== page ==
Substitute House Bill 694 made sweeping changes to Ohio’s pay-to-play laws. Every LLC, partnership, sole proprietor, and most corporations that have (or hope to have) a contract with the state or a political subdivision should be aware of these changes. But keeping up with these changes has not been easy. Since its passage on December 20, 2006, H.B. 694 has been the subject of two lawsuits, numerous Ohio Elections Commission Advisory Opinion requests and legislative amendments enacted in House Bill 119, the state’s 2008-2009 biennial budget. Further changes are expected, including administrative rule-making by the Secretary of State, opinions from the Ohio Elections Commission, and additional judicial review. However, contractors should not wait until the law is settled before learning how it might affect their business.
Political contributions made in violation of the new law could result in your company being subject to fines, penalties and possible forfeiture of existing government contracts. Moreover, these contributions could prohibit you from doing work for the state or local governments in the future. Limitations on political contributions by government contractors are very strict and could lead to inadvertent violations, even for relatively small political donations. Thus, contractors should keep up-to-date on this law even though some aspects of the law may change.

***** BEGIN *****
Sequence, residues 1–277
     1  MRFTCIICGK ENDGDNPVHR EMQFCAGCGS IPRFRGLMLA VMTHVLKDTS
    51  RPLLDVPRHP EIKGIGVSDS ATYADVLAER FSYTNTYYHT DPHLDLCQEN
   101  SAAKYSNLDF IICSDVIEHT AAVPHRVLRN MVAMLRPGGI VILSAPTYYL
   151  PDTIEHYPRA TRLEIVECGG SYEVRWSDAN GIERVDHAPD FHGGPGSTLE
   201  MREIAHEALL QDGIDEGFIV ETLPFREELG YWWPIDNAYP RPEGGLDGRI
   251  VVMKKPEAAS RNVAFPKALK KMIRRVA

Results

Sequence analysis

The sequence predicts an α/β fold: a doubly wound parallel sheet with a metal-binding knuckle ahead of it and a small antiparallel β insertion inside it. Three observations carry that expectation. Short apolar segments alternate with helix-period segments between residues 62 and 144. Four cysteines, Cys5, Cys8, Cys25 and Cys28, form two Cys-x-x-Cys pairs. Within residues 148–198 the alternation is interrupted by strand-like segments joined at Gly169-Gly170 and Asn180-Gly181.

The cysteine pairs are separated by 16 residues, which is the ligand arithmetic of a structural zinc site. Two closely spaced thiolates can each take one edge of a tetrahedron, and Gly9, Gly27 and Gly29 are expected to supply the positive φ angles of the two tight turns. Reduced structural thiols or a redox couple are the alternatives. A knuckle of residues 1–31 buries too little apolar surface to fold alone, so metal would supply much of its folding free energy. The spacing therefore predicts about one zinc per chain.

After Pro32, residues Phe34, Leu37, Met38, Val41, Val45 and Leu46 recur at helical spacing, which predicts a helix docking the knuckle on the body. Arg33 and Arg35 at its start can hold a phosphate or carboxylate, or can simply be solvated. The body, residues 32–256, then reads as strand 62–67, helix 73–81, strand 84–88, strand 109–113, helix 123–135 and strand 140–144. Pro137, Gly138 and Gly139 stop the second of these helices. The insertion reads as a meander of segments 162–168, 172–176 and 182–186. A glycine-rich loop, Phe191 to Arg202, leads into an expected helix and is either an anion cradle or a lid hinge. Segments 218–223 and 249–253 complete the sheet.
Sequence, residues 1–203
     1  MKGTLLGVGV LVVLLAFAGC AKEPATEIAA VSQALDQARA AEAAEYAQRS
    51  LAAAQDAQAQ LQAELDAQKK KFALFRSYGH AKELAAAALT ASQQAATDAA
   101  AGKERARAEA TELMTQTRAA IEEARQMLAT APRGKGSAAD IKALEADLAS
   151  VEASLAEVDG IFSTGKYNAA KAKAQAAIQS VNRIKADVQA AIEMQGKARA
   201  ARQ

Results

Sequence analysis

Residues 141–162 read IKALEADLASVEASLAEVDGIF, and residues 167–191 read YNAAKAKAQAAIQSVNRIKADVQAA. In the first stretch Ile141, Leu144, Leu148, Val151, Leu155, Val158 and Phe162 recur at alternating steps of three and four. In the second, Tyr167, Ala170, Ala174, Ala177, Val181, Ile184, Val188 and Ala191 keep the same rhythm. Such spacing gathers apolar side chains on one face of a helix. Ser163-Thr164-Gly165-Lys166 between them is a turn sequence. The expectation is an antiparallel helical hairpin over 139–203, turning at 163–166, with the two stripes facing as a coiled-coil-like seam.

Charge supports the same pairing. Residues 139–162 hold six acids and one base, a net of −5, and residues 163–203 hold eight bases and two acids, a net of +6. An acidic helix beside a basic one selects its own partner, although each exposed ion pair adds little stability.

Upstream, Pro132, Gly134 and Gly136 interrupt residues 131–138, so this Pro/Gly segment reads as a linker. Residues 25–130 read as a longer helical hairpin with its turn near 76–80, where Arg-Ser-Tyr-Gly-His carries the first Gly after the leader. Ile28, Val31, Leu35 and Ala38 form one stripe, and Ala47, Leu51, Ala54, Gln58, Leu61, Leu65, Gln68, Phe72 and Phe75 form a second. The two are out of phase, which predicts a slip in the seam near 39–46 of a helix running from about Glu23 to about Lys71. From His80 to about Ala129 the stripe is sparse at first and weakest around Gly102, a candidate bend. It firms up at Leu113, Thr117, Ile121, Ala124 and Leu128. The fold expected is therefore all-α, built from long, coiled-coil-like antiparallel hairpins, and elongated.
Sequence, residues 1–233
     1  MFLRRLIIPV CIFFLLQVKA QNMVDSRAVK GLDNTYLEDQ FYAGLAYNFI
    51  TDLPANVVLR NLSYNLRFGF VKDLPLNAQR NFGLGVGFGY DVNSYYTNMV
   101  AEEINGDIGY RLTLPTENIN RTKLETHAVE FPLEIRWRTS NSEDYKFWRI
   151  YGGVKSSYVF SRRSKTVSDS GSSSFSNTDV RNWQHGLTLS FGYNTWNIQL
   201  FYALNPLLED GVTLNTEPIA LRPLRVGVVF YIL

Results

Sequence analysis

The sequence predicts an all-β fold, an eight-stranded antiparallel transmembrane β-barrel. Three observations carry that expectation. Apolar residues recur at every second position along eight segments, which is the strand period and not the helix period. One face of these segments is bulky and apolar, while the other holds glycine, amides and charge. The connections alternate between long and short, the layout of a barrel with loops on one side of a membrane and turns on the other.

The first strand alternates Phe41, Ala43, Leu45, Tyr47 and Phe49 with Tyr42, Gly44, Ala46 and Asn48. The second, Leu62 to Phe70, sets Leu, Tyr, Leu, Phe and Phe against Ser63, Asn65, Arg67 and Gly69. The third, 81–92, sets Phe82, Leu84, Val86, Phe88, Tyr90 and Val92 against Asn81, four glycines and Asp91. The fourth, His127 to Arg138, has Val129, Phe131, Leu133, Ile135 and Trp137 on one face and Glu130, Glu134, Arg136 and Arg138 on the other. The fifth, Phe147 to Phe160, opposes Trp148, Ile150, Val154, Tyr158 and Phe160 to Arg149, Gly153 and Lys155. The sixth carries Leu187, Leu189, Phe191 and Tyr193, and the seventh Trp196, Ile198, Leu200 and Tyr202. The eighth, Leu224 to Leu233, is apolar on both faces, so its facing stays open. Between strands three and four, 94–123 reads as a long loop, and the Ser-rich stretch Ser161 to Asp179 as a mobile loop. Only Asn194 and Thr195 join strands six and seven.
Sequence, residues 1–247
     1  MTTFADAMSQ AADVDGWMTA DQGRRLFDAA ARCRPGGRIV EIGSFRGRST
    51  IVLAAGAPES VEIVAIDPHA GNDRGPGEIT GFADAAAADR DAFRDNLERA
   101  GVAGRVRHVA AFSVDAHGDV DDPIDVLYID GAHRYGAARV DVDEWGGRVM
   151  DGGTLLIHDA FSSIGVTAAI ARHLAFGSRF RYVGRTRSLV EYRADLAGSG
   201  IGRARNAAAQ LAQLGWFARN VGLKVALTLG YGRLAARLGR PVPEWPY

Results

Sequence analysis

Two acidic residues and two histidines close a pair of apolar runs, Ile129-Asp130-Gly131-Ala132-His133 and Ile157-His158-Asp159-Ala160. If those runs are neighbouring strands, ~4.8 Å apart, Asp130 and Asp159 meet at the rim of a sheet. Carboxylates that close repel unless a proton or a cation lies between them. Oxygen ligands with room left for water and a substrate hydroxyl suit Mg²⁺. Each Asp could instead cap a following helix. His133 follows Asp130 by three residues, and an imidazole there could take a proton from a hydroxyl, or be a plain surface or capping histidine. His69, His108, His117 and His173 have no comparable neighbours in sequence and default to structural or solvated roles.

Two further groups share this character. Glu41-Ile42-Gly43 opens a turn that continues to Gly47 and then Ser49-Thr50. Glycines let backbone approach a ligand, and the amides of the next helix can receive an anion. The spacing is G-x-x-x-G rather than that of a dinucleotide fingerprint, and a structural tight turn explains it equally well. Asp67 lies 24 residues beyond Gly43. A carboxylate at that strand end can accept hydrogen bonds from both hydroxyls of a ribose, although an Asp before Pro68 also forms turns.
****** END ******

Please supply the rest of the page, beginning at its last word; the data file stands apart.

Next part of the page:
Ohio’s Current Pay-to-Play Law
Ohio’s pay-to-play laws, contained primarily in R.C. 3517.13, are triggered when 1) a partner or owner of an LLC, LLP or partnership, or an individual who owns 20% or more of the shares of a corporation contributes over $1,000; or 2) if those business owners, their spouses, children, and the company’s affiliated political action committee (“PAC”) cumulatively contribute over $2,000 over the course of two years. For many companies, analyzing the corporate structure will be the first and most important step in determining how Ohio’s pay-to-play laws apply.